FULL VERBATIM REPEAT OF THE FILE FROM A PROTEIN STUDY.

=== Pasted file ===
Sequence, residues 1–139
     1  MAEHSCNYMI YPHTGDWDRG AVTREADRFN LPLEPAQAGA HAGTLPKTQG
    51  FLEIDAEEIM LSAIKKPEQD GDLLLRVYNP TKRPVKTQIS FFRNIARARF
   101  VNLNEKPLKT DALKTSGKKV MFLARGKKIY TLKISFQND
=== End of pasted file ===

Sequence, residues 1–139
     1  MAEHSCNYMI YPHTGDWDRG AVTREADRFN LPLEPAQAGA HAGTLPKTQG
    51  FLEIDAEEIM LSAIKKPEQD GDLLLRVYNP TKRPVKTQIS FFRNIARARF
   101  VNLNEKPLKT DALKTSGKKV MFLARGKKIY TLKISFQND